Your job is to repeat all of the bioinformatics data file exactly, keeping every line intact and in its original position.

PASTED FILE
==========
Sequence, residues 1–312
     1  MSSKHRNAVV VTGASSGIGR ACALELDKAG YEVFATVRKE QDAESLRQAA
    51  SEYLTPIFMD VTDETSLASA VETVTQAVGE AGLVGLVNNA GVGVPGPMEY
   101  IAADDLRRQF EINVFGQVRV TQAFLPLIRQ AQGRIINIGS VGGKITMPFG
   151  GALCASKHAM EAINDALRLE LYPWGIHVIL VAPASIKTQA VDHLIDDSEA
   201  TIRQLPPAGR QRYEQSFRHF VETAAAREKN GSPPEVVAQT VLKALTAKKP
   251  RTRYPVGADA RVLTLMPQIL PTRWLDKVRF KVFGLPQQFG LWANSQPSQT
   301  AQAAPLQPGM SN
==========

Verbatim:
Sequence, residues 1–312
     1  MSSKHRNAVV VTGASSGIGR ACALELDKAG YEVFATVRKE QDAESLRQAA
    51  SEYLTPIFMD VTDETSLASA VETVTQAVGE AGLVGLVNNA GVGVPGPMEY
   101  IAADDLRRQF EINVFGQVRV TQAFLPLIRQ AQGRIINIGS VGGKITMPFG
   151  GALCASKHAM EAINDALRLE LYPWGIHVIL VAPASIKTQA VDHLIDDSEA
   201  TIRQLPPAGR QRYEQSFRHF VETAAAREKN GSPPEVVAQT VLKALTAKKP
   251  RTRYPVGADA RVLTLMPQIL PTRWLDKVRF KVFGLPQQFG LWANSQPSQT
   301  AQAAPLQPGM SN